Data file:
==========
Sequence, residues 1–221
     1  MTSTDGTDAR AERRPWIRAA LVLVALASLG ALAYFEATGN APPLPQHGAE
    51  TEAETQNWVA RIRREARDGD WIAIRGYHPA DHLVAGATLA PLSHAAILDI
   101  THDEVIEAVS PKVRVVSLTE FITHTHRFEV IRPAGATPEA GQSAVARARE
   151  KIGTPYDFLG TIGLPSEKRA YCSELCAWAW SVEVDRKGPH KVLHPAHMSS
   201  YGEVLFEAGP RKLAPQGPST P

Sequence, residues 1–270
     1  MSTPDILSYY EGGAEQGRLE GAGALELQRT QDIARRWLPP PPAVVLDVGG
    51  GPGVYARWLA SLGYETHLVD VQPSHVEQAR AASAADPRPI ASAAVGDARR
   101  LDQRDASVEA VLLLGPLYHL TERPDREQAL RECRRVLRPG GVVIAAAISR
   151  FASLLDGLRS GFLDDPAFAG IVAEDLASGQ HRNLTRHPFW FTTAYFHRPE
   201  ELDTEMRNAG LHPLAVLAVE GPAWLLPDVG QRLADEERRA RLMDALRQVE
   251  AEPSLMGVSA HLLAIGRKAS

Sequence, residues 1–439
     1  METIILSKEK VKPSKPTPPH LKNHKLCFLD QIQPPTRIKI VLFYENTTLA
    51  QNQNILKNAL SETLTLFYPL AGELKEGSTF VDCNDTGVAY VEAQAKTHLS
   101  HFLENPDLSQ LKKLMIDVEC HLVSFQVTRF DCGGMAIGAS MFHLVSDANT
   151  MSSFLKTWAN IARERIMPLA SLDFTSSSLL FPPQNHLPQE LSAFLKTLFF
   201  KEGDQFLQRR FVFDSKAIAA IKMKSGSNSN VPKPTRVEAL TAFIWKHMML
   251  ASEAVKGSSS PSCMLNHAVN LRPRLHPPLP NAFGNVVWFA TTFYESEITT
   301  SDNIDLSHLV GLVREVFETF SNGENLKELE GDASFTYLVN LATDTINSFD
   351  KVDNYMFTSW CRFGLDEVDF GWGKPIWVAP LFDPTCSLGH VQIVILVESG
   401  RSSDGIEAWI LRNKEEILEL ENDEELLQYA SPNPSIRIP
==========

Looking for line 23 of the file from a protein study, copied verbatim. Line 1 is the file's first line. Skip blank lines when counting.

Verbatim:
   401  RSSDGIEAWI LRNKEEILEL ENDEELLQYA SPNPSIRIP